Ms. Hoffmann supported and advised the Tompkins conservation efforts. Ms. Tompkins stated in a telephone interview that she once joined other conservationists to obtain the couple’s help in conserving a large stretch of valuable but threatened land at the border of Chile, Argentina. In 2014, the area was designated mountainous. Yendegaia National Park.

Adriana was the source of all of our knowledge about the Chilean flora, stated Ms. Tompkins who is the head of the non-profit group Tompkins Conservation. She was generous in sharing her knowledge of ecosystems, at a moment when it was not common to do so.

Ms. Hoffmann became a member of the American Society for Human Rights in 1997. RecognizedThe United Nations named her one of the top 25 environmental leaders for the decade. Two years later, she was awarded Chiles National Environmental Prize in recognition of her efforts to protect and document the country’s natural environment.

In 2000, Ricardo Lagos was the third president of Chile to assume office following the transition to democracy. He invited Ms. Hoffmann as Conama’s head, which would become the Ministry of Environment.

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Friends advised her against accepting the job because she saw the agency as too weak for the business interests that benefited from the lack of environmental protections in the country.

Ms. Hoffmann viewed President Lagos’ invitation as an opportunity to fight legislation to protect native forests. She accepted the post and became the first scientist to hold the position at a moment when environmentalists and women were rare in Chile’s halls.

However, the forces against her proved too strong. Despite her efforts to implement projects she believed were important, such as Senderos de Chile, a national hiking trail, she quit Conama 17 months later due to pressure. It would be eighteen years before a law protecting forests was passed.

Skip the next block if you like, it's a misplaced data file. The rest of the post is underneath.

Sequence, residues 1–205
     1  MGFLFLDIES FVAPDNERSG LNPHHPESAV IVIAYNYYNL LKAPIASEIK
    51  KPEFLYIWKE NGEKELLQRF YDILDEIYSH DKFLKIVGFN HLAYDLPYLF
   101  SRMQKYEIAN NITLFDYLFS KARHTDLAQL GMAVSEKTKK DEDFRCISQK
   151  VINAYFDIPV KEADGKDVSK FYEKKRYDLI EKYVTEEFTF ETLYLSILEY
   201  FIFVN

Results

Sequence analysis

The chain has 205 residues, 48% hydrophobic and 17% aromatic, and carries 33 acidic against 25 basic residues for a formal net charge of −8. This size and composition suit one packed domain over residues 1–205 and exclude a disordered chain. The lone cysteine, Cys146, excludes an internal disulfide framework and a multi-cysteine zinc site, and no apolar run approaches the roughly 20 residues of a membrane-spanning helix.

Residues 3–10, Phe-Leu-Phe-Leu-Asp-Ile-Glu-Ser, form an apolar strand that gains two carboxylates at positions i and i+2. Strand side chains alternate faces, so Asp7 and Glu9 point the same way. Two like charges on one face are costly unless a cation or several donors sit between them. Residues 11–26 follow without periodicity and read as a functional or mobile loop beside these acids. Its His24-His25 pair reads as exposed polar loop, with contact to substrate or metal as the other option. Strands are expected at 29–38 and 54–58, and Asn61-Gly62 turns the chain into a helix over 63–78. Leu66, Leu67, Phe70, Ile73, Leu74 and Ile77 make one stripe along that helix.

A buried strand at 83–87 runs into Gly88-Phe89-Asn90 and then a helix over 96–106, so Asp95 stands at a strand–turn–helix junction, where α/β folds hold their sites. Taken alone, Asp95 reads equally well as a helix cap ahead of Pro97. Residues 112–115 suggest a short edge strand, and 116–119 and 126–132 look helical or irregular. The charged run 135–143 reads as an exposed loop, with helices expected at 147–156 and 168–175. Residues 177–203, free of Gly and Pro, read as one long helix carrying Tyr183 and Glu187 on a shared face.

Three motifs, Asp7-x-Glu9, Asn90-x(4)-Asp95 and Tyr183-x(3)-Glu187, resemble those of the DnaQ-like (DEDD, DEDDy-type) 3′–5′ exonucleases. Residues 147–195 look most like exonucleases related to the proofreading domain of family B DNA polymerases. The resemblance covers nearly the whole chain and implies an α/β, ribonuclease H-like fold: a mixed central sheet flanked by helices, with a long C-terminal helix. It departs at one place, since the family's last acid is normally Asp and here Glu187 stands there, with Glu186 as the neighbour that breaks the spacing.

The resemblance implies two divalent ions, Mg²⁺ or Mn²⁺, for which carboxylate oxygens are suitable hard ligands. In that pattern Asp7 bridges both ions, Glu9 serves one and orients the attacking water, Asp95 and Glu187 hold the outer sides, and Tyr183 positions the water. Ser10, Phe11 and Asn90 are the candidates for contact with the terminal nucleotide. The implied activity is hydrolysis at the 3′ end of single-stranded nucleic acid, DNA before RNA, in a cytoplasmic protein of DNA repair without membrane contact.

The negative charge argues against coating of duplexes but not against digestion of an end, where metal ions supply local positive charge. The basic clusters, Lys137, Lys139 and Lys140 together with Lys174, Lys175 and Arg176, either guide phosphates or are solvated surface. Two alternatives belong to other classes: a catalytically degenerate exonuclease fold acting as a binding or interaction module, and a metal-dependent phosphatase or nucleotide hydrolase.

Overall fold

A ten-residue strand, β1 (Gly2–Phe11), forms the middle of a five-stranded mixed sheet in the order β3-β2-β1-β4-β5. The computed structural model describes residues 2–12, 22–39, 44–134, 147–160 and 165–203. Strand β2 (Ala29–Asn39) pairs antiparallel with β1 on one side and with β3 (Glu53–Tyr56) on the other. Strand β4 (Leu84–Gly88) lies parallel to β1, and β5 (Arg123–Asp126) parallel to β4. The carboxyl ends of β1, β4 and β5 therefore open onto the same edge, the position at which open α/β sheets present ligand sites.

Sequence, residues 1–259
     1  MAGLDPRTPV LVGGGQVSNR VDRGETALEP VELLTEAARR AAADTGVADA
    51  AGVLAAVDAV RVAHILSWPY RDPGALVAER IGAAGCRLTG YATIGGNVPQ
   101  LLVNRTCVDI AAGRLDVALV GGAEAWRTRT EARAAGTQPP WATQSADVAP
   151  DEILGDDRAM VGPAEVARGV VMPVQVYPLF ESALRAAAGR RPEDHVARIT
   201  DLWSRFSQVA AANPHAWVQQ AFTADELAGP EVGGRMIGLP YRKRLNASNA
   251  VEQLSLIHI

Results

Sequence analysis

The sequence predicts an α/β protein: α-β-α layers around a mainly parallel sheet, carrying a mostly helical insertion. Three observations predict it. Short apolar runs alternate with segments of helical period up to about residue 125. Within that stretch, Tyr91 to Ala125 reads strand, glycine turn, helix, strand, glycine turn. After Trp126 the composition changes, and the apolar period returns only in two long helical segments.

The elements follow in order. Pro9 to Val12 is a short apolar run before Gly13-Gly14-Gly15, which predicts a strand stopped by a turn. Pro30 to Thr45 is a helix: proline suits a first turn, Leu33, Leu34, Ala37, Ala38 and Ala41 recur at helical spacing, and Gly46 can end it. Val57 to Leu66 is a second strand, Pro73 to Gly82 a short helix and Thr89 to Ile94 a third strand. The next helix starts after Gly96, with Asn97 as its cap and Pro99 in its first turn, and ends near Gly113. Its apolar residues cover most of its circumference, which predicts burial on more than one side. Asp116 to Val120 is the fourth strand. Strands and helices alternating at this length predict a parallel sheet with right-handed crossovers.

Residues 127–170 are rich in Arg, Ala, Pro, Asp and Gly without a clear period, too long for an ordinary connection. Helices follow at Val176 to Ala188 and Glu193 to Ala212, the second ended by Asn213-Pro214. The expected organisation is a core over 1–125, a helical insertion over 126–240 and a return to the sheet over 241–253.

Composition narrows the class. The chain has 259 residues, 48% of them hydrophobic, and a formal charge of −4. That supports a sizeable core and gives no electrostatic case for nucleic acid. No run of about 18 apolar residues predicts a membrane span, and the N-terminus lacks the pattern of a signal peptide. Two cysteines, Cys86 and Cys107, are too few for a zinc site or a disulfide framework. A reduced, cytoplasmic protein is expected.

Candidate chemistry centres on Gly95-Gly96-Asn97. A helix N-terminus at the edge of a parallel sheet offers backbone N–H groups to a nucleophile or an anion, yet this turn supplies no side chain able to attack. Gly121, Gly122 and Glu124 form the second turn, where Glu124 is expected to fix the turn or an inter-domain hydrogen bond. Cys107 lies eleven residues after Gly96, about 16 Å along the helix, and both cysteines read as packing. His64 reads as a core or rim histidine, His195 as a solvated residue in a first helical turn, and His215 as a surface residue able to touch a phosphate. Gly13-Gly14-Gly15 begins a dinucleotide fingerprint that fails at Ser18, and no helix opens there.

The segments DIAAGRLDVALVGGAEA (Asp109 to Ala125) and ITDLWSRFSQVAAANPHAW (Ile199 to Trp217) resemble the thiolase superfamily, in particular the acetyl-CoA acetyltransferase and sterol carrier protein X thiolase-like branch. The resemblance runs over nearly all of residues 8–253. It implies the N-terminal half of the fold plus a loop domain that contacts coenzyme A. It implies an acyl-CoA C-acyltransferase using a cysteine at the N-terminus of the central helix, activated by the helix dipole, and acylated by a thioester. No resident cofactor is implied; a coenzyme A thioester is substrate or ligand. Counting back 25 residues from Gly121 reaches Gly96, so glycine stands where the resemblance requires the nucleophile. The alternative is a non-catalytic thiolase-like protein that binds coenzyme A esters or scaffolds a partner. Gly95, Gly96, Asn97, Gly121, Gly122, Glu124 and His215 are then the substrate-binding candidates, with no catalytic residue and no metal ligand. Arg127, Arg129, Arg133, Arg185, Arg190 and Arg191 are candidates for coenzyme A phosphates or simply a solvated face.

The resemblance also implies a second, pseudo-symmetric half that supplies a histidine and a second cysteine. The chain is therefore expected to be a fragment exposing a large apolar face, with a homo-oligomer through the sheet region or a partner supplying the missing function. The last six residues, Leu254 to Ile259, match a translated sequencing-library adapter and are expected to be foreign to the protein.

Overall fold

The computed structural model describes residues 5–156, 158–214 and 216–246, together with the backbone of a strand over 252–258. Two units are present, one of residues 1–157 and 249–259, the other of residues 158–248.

She later referred to her time in office, describing it as the worst decision she made. She was caught between corporations’ overwhelming power and the deep disappointment of fellow environmentalists.

Leonora, Leonora’s daughter, said that she never recovered fully from the experience. Ms. Hoffmann continued to struggle with health issues, including strokes.

Paz Hoffmann, another daughter, survives her; they have two sons, Francisco and lvaro; and she has five grandchildren.

She was an inspiration to many scientists and environmentalists by the time she died. The Adriana Hoffmann Environmental Training School was established by the Ministry of Environment in 2015 to train teachers, public servants, and the general public. There are more than 12,000 students who have taken courses there.

At Ms. Hoffmann’s funeral, Maisa Rojas was appointed minister of environment. A seasoned climatologist, Maisa Rojas recognized the environmental challenges that her predecessor faced and that still face Chile and the rest.

She said that we are being called to care for a threatened and very fragile nature now more than ever. Adrianas shoes are too big for me as a woman minister of the environment.